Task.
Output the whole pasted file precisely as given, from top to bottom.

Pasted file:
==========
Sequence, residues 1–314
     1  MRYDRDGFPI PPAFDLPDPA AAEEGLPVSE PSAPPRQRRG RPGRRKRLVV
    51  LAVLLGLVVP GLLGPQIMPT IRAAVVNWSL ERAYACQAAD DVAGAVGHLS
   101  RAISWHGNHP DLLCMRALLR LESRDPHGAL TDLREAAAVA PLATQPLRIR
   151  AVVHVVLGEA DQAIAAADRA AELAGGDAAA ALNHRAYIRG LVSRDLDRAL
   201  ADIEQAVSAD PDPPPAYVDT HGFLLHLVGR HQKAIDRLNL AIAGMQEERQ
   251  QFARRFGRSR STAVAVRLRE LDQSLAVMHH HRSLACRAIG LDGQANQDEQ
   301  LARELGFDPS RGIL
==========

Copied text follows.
Sequence, residues 1–314
     1  MRYDRDGFPI PPAFDLPDPA AAEEGLPVSE PSAPPRQRRG RPGRRKRLVV
    51  LAVLLGLVVP GLLGPQIMPT IRAAVVNWSL ERAYACQAAD DVAGAVGHLS
   101  RAISWHGNHP DLLCMRALLR LESRDPHGAL TDLREAAAVA PLATQPLRIR
   151  AVVHVVLGEA DQAIAAADRA AELAGGDAAA ALNHRAYIRG LVSRDLDRAL
   201  ADIEQAVSAD PDPPPAYVDT HGFLLHLVGR HQKAIDRLNL AIAGMQEERQ
   251  QFARRFGRSR STAVAVRLRE LDQSLAVMHH HRSLACRAIG LDGQANQDEQ
   301  LARELGFDPS RGIL